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How do I get my deceased parents annuity? The annuities are a life insurance product and they have a designated beneficiary. Most of the time, if it was your father’s annuity, he would’ve named your mother and vice versa. And they should designate an alternate beneficiary. But any about that is how you do it. If you’re the designated beneficiary, you have to send the death certificate to the company that issued the annuity or whoever purchased the annuity, and then they will send you the benefits of the annuity or give you any options as far as that’s concerned. So if there is no beneficiary or the beneficiary is deceased, then you must file a probate proceeding in order to obtain the annuity benefits. If you have any questions, give me a call at (727) 847-2288.

 

Video Summary

Do I have to pay the decedent’s credit card bills and medical bills from a joint account which was maintained during his lifetime? And I am the co-owner? The answer is no. Creditors are required to file their claims in a probate proceeding, and if there is no probate proceeding, they have no way to file a claim and no way to recover whatever bills that are owed. This even goes to Medicaid liens. If there are no assets in the decedent’s name, they’re not able to recover these, and you have no responsibility to use the money that was in a joint account to pay the decedent’s bills. The joint accounts are by statute become the asset or the sole owner of the co-owner of the account. So if you have any questions, give a call at (727) 847-2288.

 

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If I name one person as the beneficiary on my 401K account but change my mind and want to designate someone else while writing my Will, will my Will take precedence over the designation of my 401k? The answer is no. A 401K is basically a contract, which has a designated beneficiary on it, and must. And if you’re married, you must name your spouse, and otherwise the provisions of the 401k agreement, our participation agreement, that is drafted or provided to you by your employer, that’s going to control your Will. The Will only controls assets that are just titled in your name alone, so that if there’s a designated beneficiary on a bank account, that’s going to control over your Will. So the assets that are just in your name, are controlled by the Will. All your other assets that have designated beneficiaries are con controlled by contract, so no, your Will will not modify the provisions of your beneficiary of your 401k. If you have any questions, give me a call at (727) 847-2288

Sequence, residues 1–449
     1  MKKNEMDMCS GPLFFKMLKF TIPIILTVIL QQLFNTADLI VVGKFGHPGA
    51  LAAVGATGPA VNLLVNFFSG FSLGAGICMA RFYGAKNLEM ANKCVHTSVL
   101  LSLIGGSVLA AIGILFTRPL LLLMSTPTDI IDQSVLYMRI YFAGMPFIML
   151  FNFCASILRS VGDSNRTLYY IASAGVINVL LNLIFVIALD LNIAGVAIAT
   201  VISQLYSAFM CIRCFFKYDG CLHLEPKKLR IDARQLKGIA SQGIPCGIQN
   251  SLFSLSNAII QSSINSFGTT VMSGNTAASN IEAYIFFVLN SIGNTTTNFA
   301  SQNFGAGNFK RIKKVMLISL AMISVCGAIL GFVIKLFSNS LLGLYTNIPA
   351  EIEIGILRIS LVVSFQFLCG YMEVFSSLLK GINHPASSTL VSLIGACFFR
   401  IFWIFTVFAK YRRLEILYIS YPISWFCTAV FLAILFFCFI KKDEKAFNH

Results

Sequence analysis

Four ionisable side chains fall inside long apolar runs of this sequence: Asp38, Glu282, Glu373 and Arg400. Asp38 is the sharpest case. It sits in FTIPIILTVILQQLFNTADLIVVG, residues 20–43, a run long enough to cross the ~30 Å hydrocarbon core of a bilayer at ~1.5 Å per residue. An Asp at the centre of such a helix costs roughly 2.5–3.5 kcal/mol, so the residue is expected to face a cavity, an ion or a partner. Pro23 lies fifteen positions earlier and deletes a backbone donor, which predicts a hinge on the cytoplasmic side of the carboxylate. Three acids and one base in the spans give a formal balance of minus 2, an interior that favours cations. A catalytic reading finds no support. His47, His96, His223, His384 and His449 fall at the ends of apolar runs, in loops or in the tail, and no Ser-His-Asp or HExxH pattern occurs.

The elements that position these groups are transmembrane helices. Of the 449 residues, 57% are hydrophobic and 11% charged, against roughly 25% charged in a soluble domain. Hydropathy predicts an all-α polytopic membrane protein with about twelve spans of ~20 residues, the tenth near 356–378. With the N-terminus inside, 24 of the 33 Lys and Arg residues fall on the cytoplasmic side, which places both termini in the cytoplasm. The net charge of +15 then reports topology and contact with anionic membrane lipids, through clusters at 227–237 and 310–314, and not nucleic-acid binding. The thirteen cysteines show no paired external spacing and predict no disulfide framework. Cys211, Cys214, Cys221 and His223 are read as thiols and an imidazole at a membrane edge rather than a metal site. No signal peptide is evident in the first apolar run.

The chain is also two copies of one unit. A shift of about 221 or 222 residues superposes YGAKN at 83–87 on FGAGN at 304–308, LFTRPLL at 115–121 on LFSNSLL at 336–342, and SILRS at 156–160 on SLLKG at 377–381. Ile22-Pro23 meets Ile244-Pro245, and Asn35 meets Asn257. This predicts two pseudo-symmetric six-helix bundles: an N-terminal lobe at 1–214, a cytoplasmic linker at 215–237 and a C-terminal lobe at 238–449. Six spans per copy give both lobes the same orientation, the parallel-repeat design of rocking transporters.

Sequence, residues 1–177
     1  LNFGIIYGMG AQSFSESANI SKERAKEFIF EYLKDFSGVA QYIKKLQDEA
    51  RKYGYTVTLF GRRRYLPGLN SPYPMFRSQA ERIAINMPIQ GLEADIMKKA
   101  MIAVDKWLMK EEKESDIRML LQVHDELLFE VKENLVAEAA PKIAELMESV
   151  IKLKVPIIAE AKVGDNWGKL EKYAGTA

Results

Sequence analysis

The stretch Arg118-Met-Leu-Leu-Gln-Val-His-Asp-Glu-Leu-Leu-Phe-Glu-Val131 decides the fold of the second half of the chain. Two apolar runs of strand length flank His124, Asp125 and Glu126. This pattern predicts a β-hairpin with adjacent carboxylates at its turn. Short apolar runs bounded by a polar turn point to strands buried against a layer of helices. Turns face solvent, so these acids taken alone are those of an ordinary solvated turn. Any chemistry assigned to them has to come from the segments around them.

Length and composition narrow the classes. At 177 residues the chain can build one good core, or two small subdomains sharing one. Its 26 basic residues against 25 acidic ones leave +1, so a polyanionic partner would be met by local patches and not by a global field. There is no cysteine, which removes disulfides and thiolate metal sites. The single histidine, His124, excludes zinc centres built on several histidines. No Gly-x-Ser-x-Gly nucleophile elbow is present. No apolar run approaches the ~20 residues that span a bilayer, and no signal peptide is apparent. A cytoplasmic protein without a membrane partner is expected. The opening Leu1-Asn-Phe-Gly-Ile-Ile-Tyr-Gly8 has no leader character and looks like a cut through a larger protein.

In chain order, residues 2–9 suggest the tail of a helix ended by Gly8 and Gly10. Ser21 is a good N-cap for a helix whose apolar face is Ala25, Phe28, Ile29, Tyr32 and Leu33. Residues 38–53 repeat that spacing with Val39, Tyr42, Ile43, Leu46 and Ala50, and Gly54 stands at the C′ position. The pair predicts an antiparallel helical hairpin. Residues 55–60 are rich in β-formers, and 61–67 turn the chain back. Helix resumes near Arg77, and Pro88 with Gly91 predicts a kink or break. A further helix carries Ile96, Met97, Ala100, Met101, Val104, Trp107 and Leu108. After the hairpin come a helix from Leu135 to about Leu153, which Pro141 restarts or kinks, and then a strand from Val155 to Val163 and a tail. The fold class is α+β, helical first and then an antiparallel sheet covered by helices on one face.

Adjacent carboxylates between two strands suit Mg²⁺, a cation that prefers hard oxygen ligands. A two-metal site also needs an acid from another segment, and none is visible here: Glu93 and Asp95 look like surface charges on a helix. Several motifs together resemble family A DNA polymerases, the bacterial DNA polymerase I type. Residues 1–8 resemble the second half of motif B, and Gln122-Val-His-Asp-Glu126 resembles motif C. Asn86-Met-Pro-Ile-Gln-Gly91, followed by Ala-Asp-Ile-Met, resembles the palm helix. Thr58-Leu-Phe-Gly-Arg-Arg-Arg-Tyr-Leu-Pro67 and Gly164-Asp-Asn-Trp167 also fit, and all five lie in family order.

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Are my assets protected if I place them in a trust? No. This is a often cited myth that if you transfer your assets into a revocable trust, that you prepare for a state planning purposes, that they’re protected from your creditors. The law is that you, if you control the asset, which you do in a revocable trust, that a creditor could then still reach those assets. So that is not a method by which you can protect your assets. So, if you have any questions about doing that, please give me a call at (727) 847-2288.

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Do I have to pay income tax on the money I received from an estate? The answer is no, you don’t, unless the money that you are receiving was interest, or other income from the sale or generated dividends or from estate assets. So let, if there’s a bank account, in the decedent’s name, I’ll say a hundred thousand dollars, and, and then that’s distributed to you, it’s cash. So there’s no income tax that you have to pay on that money. If there is a piece of real estate involved and the property is then sold, and then you get a portion of the sales proceeds of the from the sale of the real estate again, you don’t have to pay any income tax on it. If the property was sold for the same value as what it was at the time of the decedent died, that’s called a step up in basis, under the probate code. And, what that means is that when someone passes away, the Internal Revenue Service values, the property here says your basis or what you have to pay tax on is based upon the value as of the date of death versus the sales price. So, if the property is sold shortly after someone dies, then there’s not going to be any tax that has to be owed. If the property was not sold shortly after the person dies, it’s many years later, then you need to establish the value as the date of death and then subtract that from the amount that is sold. And then you would have to pay long-term capital gains on a portion of that. Sometimes you may receive dividends from stock that’s in the estate and that’s usually shown to you through a fiduciary tax return. And it’s called a K one. That’s many times offset by the attorney fees and cost. Of course this is, you know, it’s very specific because if you have a very large estate with lots of money coming in, well that would be one thing. Or if it’s a very small estate, then probably you’re not going to wind up having to pay any income tax on this. And the same things go if you get life insurance. You don’t have to pay on the death benefit if you receive some interest that had accumulated on the cash surrender value of the life insurance, well that is taxable income to you. Same thing with annuities that you have to pay tax on that money that you receive. Same thing with IRAs and 401, if you have any questions, give me a call at (727) 847-2288.